Document Type


Publication Date

Winter 1984


The widespread adoption of article 9 of the Uniform Commercial Code in the 1950s and 1960s resulted in an ‘uncertain correlation’ between state personal property security law and the Bankruptcy Act of 1898. Although the Bankruptcy Act of 1898 frequently relied upon existing state law to determine the validity of a secured creditor's interest in the personal property of a bankruptcy debtor, its provisions were more compatible with pre-Code personal property security law. As a result, courts often struggled to reconcile the meanings of the two statutes.

The enactment of the Bankruptcy Reform Act of 1978 held out the promise of greater correspondence between the concepts of bankruptcy law and those of article 9. The Commission on the Bankruptcy Laws of the United States, established in 1970 to study the Bankruptcy Act of 1898, relied heavily on the work of practitioners and scholars familiar with article 9. The statutory revision proposed by the Commission in 1973 embodied many recommendations made by these practitioners and scholars, and served as an important foundation for the Bankruptcy Reform Act.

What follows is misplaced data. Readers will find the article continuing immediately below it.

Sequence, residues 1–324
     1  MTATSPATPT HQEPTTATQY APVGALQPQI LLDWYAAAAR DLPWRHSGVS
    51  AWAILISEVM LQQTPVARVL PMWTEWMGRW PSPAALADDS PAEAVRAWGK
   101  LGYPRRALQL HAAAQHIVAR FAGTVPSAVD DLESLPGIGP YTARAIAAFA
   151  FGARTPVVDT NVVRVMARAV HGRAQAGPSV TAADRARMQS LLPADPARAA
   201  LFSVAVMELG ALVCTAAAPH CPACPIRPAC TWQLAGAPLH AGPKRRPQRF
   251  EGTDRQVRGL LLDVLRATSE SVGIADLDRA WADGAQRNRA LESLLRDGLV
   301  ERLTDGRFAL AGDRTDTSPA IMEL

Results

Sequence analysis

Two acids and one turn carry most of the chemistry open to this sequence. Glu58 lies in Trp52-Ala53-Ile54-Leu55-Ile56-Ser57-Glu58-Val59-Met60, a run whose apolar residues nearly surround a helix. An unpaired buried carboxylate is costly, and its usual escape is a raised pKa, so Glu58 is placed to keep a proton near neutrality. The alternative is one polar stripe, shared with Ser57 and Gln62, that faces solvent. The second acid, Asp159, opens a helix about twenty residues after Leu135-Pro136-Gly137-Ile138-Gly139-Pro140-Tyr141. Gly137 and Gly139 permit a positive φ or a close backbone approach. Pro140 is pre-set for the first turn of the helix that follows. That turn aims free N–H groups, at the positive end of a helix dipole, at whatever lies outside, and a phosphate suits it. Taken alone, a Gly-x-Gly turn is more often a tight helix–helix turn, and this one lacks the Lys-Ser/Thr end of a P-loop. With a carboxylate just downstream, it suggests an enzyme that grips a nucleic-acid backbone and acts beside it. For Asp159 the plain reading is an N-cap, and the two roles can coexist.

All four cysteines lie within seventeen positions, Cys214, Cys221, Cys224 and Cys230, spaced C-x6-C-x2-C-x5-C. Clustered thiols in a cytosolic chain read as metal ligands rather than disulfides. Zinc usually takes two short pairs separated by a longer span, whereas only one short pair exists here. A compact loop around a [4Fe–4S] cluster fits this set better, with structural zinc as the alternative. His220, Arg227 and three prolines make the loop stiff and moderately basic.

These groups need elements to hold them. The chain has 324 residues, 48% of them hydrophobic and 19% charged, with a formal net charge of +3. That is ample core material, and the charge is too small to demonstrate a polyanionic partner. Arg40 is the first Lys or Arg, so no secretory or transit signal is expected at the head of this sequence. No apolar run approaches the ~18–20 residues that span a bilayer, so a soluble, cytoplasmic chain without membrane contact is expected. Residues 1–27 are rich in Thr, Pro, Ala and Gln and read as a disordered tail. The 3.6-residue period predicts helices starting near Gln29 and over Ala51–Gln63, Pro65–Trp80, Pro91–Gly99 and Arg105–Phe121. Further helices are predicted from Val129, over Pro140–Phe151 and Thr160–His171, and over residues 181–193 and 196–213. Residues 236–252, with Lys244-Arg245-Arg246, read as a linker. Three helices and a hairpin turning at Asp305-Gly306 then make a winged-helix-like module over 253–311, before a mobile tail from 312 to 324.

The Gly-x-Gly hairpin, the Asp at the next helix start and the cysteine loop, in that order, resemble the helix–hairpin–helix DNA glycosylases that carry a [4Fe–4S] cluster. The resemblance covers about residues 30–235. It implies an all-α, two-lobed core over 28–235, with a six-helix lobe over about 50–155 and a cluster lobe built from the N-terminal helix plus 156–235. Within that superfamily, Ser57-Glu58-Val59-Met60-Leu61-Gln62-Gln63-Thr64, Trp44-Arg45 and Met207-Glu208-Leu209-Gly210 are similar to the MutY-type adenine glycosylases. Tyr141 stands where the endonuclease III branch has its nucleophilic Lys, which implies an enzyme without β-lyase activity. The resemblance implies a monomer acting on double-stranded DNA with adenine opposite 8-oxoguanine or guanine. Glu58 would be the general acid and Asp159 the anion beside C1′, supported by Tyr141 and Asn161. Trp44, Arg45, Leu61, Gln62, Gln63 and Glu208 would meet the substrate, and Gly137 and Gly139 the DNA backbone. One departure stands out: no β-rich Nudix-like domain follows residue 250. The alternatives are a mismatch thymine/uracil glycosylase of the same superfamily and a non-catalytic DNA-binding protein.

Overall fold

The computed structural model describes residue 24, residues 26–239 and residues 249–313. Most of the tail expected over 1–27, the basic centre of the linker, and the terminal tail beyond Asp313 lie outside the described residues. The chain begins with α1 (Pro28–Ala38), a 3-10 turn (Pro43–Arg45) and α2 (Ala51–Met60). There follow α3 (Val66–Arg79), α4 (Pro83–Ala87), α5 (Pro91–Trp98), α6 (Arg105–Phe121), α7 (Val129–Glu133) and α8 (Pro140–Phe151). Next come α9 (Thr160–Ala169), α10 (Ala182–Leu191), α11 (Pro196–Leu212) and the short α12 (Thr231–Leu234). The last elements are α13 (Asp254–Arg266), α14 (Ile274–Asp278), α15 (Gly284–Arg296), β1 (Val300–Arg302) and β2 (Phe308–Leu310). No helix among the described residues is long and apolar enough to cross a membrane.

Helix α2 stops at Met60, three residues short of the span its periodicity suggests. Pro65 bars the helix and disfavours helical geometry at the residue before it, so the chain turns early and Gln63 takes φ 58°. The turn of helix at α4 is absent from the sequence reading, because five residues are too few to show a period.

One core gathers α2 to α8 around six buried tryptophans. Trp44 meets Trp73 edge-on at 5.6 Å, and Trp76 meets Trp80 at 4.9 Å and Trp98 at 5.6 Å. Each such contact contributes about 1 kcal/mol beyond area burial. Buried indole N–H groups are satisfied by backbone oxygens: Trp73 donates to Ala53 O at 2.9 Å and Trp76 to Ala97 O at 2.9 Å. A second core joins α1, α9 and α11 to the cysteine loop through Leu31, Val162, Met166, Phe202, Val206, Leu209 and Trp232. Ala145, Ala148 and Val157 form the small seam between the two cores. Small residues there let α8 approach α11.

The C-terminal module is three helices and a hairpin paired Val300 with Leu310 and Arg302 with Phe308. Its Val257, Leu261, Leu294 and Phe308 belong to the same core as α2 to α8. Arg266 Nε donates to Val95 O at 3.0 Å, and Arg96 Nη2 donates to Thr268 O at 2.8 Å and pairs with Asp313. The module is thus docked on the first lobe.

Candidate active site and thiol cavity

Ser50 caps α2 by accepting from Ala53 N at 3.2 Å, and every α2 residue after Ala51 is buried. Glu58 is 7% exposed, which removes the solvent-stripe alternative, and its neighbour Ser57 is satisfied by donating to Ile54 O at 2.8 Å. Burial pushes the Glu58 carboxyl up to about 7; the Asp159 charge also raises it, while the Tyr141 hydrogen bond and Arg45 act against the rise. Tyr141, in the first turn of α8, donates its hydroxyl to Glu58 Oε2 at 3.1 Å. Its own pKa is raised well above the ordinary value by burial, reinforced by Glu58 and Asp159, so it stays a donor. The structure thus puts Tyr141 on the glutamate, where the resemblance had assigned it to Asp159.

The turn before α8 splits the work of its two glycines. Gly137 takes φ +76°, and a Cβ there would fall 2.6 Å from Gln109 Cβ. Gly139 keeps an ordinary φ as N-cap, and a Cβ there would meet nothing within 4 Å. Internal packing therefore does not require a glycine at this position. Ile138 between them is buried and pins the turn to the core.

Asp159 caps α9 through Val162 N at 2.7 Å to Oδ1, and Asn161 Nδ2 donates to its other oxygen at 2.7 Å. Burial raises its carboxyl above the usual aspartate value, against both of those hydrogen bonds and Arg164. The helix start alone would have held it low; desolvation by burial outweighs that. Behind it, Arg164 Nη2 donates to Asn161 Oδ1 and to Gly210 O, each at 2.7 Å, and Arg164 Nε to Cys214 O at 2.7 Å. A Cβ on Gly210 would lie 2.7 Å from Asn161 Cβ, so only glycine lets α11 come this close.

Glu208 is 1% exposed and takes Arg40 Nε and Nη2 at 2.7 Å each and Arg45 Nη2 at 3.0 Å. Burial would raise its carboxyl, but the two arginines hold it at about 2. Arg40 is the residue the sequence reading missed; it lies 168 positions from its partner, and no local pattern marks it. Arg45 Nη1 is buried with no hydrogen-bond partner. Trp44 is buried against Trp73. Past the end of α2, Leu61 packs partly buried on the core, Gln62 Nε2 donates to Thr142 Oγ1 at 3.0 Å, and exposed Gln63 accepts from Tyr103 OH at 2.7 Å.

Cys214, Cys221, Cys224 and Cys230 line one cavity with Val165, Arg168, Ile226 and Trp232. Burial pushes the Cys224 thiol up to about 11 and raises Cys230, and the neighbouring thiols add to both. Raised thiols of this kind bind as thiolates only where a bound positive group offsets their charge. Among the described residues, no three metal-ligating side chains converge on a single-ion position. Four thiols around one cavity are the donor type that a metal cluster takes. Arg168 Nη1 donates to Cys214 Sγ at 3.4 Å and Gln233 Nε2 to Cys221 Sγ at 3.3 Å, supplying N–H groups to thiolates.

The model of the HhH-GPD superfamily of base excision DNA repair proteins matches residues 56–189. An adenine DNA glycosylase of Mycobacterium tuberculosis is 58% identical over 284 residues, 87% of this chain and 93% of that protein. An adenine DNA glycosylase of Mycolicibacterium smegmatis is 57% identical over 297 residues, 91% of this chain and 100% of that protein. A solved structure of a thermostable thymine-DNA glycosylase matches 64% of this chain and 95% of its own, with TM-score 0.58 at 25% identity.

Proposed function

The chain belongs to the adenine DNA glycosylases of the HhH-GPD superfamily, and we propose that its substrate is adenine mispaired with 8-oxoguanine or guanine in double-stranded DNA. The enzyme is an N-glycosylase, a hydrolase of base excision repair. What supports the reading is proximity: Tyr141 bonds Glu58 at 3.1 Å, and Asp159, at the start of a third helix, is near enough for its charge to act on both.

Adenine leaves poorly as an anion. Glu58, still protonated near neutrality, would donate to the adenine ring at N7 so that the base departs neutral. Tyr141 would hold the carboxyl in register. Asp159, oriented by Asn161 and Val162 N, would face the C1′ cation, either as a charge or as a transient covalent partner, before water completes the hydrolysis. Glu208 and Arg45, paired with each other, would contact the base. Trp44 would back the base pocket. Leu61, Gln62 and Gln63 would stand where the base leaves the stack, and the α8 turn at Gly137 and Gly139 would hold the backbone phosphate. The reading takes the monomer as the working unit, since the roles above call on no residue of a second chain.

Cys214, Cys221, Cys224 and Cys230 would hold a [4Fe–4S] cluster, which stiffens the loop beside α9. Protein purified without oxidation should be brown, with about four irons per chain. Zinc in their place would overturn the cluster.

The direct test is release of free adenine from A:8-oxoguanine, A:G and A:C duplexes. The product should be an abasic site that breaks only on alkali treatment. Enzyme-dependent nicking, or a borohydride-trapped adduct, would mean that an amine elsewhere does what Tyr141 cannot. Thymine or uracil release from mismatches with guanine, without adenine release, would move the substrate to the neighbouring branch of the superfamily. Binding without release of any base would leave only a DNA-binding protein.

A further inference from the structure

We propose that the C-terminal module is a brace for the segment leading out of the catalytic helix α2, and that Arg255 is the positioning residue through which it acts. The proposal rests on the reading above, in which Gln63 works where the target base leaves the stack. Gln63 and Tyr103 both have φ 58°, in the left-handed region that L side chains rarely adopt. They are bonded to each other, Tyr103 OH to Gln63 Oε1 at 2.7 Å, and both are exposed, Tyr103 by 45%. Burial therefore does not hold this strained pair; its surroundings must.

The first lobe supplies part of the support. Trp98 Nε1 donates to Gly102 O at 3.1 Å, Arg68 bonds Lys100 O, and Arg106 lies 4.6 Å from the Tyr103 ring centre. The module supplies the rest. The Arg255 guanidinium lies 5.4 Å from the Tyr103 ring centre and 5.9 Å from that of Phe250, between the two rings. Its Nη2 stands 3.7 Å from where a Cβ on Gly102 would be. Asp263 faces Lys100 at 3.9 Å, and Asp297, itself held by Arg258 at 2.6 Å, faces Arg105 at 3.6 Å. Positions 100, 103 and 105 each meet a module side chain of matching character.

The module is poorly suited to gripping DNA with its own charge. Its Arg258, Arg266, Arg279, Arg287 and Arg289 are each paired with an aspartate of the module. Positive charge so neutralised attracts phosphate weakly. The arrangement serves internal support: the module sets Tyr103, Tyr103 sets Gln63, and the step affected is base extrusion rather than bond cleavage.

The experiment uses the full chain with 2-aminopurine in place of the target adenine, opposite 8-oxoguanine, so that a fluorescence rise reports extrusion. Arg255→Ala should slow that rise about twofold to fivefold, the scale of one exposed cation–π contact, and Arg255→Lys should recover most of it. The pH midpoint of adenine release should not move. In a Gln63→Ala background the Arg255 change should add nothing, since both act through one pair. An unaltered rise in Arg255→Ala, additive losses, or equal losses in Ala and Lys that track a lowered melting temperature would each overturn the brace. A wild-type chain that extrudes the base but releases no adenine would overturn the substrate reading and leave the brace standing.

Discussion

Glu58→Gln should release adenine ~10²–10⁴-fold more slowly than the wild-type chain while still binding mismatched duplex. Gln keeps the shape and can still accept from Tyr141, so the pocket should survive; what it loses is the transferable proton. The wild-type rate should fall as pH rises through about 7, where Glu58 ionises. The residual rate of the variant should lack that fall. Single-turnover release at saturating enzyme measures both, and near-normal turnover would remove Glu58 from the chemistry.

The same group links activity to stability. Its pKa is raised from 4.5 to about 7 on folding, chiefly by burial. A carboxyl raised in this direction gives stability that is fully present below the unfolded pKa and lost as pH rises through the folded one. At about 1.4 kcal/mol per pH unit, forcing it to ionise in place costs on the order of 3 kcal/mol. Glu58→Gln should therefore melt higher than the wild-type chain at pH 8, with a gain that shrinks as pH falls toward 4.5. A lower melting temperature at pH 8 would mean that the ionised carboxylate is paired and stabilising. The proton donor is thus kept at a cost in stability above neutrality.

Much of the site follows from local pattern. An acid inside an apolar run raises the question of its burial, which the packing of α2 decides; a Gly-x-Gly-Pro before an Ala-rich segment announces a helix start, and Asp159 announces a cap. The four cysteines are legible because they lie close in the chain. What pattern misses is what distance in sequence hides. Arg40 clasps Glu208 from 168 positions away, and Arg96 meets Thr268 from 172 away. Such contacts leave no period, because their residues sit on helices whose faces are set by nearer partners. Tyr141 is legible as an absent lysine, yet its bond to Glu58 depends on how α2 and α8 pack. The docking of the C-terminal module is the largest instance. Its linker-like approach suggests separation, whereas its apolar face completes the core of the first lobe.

Although the Bankruptcy Reform Act employs concepts drawn from article 9, some incongruities between the two statutes remain. For example, under the provisions of article 9, a secured party may, in certain circumstances, delay perfection of a security interest without sacrificing priority to other parties whose claims to the secured collateral arise before the security interest is perfected. If perfection is about to expire or lapse, article 9 requires the secured party to continue the perfection of the security interest in order to retain priority over others who may claim an interest in the collateral. The Bankruptcy Reform Act of 1978 also makes delayed perfection of security interests in personal property effective against the trustee in bankruptcy, but the Reform Act authorizes delayed perfection in cases in which article 9 does not. In addition, the Reform Act does not expressly sanction continuation of perfection after bankruptcy proceedings have been instituted.

This article explores some of the uncertainties in the relationship between the Bankruptcy Reform Act and article 9. It first describes and evaluates the article 9 provisions dealing with delayed and continued perfection. Against this background, the article examines the relationship of delayed and continued perfection, under both the Reform Act and article 9, to the bankruptcy trustee's avoiding powers. Finally, some suggestions for legislative changes in the Reform Act are offered.